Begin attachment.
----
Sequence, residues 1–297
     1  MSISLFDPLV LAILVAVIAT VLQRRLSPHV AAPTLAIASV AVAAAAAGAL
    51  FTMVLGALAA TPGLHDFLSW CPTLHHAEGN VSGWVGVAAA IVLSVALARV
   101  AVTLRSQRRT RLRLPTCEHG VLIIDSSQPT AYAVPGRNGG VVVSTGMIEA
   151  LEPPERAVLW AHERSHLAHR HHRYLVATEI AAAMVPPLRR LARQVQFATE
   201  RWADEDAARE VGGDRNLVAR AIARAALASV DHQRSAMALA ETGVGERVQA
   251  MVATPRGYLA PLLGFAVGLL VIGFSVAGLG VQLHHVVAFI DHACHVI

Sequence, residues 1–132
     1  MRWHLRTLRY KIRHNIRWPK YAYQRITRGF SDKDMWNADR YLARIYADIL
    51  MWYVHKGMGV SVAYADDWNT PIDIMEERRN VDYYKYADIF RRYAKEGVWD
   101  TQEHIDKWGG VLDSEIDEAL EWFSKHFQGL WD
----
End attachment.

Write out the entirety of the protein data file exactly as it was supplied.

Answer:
Sequence, residues 1–297
     1  MSISLFDPLV LAILVAVIAT VLQRRLSPHV AAPTLAIASV AVAAAAAGAL
    51  FTMVLGALAA TPGLHDFLSW CPTLHHAEGN VSGWVGVAAA IVLSVALARV
   101  AVTLRSQRRT RLRLPTCEHG VLIIDSSQPT AYAVPGRNGG VVVSTGMIEA
   151  LEPPERAVLW AHERSHLAHR HHRYLVATEI AAAMVPPLRR LARQVQFATE
   201  RWADEDAARE VGGDRNLVAR AIARAALASV DHQRSAMALA ETGVGERVQA
   251  MVATPRGYLA PLLGFAVGLL VIGFSVAGLG VQLHHVVAFI DHACHVI

Sequence, residues 1–132
     1  MRWHLRTLRY KIRHNIRWPK YAYQRITRGF SDKDMWNADR YLARIYADIL
    51  MWYVHKGMGV SVAYADDWNT PIDIMEERRN VDYYKYADIF RRYAKEGVWD
   101  TQEHIDKWGG VLDSEIDEAL EWFSKHFQGL WD